By: Chad Burton, CEO of CuroLegal

It seems like 95% of blog posts reviewing the new iPad Pro can be summarized as follows: “OMG, the iPad Pro is, like, so disappointing. Tim Cook is sooo basic. The Pro doesn’t replace a laptop.” (Yes, when I read most reviews, I substitute in my oldest daughter’s voice.)

Before I get into why most people misunderstand how the iPad Pro can replace the traditional computing model, I want to be upfront about a significant challenge with the largest iPad in the history of mankind: Compared to the iPad Mini, if you are lying down and fall asleep reading or watching Netflix, the Pro hurts like hell when it hits you in the face.

Now, a bit of substance:

The iPad Pro is more powerful, bigger and has great graphics and sound capabilities. You take the hardware upgrades + iOS 9 and you have a beast of a device. The Pro is built for hardcore consumption and production.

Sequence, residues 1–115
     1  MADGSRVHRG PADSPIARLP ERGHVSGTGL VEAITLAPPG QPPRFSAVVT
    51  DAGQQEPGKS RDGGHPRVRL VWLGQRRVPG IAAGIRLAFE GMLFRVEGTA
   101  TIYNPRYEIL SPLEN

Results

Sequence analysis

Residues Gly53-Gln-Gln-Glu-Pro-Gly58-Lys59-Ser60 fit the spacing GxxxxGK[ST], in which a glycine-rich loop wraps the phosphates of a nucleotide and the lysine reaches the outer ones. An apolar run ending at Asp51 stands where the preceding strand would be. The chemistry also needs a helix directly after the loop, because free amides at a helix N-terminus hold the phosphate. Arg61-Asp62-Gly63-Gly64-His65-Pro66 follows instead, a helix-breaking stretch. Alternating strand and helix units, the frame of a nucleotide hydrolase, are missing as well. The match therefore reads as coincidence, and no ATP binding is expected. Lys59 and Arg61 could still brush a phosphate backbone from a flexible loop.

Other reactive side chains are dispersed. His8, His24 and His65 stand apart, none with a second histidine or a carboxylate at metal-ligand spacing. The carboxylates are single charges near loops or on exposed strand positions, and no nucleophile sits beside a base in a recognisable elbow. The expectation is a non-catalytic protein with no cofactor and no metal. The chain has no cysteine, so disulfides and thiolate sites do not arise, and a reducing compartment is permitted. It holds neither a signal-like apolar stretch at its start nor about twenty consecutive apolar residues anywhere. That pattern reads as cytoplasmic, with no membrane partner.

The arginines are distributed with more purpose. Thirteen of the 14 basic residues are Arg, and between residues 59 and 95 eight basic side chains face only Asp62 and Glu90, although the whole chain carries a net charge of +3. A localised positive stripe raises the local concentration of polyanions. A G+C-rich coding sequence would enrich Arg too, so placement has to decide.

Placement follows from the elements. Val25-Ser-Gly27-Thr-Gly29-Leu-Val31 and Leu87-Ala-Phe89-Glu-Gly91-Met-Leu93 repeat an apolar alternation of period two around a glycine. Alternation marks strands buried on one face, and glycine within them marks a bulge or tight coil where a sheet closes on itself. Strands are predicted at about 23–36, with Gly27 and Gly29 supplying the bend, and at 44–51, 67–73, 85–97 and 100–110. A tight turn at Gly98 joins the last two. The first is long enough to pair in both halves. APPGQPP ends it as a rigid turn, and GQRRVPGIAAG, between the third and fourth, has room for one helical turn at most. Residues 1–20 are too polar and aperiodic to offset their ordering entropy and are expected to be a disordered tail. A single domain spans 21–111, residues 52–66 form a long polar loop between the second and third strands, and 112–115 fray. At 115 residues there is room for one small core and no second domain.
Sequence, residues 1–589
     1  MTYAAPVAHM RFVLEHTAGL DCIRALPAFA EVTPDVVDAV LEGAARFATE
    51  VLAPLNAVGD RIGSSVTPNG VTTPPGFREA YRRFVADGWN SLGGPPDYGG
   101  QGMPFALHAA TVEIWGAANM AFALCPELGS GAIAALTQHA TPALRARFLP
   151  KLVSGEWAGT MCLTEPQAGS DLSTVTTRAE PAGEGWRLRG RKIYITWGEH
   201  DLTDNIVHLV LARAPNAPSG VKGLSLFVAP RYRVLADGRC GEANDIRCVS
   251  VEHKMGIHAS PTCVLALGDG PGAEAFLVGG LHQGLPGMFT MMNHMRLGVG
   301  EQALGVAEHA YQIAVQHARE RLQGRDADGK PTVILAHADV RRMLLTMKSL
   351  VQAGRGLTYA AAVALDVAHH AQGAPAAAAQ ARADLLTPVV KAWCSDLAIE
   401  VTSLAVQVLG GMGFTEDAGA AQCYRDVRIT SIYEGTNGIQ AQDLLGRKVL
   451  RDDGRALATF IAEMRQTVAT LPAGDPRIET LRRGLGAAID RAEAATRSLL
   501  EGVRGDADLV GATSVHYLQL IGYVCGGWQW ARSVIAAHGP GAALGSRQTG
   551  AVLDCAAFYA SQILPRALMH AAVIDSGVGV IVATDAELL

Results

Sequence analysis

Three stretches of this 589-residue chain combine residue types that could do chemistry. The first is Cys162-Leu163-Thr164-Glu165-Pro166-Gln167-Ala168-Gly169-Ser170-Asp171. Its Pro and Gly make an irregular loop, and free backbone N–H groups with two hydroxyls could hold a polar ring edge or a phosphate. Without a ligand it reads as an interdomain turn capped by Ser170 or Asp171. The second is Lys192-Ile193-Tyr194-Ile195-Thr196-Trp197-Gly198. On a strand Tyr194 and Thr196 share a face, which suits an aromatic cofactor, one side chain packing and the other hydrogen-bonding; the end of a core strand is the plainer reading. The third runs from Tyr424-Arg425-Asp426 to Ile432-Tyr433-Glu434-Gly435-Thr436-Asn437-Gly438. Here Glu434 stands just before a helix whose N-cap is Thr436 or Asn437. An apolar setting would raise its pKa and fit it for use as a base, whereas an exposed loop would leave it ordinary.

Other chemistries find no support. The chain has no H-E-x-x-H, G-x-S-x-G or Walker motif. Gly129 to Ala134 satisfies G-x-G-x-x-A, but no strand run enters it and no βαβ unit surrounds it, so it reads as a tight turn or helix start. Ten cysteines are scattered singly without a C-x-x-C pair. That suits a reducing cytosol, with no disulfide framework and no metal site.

People seem to get hung up on whether an iPad can “replace” a laptop. I think people expect to have the exact same experience as a laptop when you slap an external keyboard on the iPad. It is not supposed to be the same experience. Your interaction with the hardware is different. On mobile, you get to add touchscreen, unique tools such as Siri or Google Now and location-based notifications, all while you are drafting a brief or clearing out that bottomless pit of an email inbox.

Let’s look at the primary apps that lawyers need on a computer / device to run his or her practice:
– Communication apps (email, texts, instant messaging, videoconferencing)  
– Document management (creation, editing, collaboration)
– Practice management (time entries, invoicing, calendar, contacts, tasks)
– Financials (bank accounts, bookkeeping, expense tracking)

Are there meaningful options to tackle all of these items on the iPad? Absolutely. Lots. For example, you can knock out most of them by using an integrated model of Office 365 (or Google for Work), Clio and Quickbooks Online. All have related stand-alone apps or with the large iPad Pro screen, you can access the full site off a browser, such as Chrome or Safari.

To be clear, effective mobile technology is cloud-based. Externally accessing desktops or onsite servers can be clunky and limited on an iPad. Strategic tech implementation is key.

So, is the iPad Pro some dumb Apple blunder? No way. Most reviewers are either looking for weird drama or have not thought through the tech infrastructure necessary to turn the iPad in a primary computing device.